Review: Thom Yorke, 'Suspiria' - Rolling Stone
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Review: Thom Yorke Mixes Haunting Instrumentals and Gorgeous Songs on ‘Suspiria’

His soundtrack for the remake of a Seventies horror film shows he’s still finding new ways to unsettle and delight us

Thom Yorke, 2018Thom Yorke, 2018

Thom Yorke, 2018

Nasty Little Man

Do you like scary movies? Sorry, let’s be more specific. Do you like scary movies scored by Radiohead’s Thom Yorke? Well, you’re in luck, kid: Don’t look now, but there’s one right behind you! AAAAAAAAHH!!!!!

Yorke’s soundtrack for the new remake of the cult-classic Seventies horror flick Suspiria isn’t a film score in the way that, say, his bandmate Jonny Greenwood’s avant-orchestral opuses for There Will Be Blood and Phantom Thread are film scores. Nor is it a proper sequel to either of his own solo albums, 2006’s The Eraser and 2014’s Tomorrow’s Modern Boxes (an underrated triumph that he’s finally touring widely in the U.S. next month). Instead, he’s recorded an 81-minute grab bag of witching-hour instrumentals, strange grunts ‘n’ gurgles, creepy monk chants — and, every so often, a drop-dead gorgeous song. “Suspirium” is a radium-glow piano ballad that would have fit in nicely on Radiohead’s most recent album; the jazzy soul of “Unmade” and the trip-hop shiver of “Has Ended” are even more surprising, carrying welcome echoes of Yorke and co.’s brilliant Amnesiac-era B-sides.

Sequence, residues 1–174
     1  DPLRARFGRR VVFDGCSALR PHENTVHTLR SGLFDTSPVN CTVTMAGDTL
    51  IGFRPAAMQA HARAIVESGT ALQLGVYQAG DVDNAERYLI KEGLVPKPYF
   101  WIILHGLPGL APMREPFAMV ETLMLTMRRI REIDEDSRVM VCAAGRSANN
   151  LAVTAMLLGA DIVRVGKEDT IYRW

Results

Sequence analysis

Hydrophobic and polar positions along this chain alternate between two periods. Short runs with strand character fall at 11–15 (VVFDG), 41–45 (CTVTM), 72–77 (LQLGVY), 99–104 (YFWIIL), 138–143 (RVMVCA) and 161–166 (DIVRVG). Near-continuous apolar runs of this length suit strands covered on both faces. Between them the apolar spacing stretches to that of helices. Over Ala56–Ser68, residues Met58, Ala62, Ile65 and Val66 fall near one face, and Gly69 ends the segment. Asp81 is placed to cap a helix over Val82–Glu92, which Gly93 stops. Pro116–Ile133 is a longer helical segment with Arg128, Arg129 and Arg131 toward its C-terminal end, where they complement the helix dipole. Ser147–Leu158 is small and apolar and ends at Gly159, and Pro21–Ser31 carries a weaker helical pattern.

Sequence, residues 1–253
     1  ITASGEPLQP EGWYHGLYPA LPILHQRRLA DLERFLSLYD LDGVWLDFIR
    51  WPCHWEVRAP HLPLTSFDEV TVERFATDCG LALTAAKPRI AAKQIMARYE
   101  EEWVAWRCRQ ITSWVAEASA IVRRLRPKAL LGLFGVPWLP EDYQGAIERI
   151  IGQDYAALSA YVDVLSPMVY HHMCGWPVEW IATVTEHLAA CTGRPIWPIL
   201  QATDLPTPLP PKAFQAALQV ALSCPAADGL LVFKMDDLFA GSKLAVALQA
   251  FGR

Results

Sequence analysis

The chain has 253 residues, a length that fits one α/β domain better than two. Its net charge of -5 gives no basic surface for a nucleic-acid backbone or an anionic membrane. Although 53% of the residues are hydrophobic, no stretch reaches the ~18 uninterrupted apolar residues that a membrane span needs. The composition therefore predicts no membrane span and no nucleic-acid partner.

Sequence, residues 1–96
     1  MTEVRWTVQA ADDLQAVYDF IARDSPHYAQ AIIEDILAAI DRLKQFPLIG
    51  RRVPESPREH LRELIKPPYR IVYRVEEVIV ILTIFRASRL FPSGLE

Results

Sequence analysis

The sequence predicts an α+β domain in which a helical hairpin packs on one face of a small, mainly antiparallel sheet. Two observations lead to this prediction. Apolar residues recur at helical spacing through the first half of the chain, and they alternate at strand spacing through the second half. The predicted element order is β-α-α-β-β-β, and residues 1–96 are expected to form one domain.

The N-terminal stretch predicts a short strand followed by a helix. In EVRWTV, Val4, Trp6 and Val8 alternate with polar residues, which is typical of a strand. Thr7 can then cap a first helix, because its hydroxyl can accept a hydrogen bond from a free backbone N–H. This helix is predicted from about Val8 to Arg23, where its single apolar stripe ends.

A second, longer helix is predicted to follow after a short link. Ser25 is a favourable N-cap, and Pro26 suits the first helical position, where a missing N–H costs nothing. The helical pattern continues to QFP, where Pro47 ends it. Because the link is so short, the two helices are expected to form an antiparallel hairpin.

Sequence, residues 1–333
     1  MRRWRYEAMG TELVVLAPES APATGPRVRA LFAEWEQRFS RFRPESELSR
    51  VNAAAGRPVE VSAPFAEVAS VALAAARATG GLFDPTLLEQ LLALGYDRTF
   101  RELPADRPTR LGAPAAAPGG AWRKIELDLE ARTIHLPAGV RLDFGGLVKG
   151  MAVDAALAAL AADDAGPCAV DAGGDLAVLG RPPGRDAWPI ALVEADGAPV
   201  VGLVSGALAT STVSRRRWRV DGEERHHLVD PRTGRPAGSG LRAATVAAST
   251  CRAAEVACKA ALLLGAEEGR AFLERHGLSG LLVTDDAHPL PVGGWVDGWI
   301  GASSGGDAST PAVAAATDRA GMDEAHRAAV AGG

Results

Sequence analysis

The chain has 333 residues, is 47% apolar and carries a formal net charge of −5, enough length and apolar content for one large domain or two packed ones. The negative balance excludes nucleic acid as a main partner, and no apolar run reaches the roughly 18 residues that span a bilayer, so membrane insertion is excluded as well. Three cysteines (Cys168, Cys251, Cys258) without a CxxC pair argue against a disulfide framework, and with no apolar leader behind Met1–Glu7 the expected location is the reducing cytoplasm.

These tunes are vintage Yorke, and they make you wish he’d written more of them for Suspiria. At least until you hear the second half of this record, where the song-songs thin out in favor of even weirder electronic buzzes. “A Choir of One” is a 14-minute descent into an icy hell; “A Soft Hand Across Your Face” and “Synthesizer Speaks” (both under a minute) sound a bit like Side Two of Low if Bowie was an actual vampire, which makes a fair amount of sense, given that this Suspiria takes place in ’77 Berlin. It’s an intriguing sideways swerve for Yorke, who’s still finding new ways to unsettle and delight listeners after all these years as one of rock’s greatest ever late-night spooks.

In This Article: Horror, Thom Yorke


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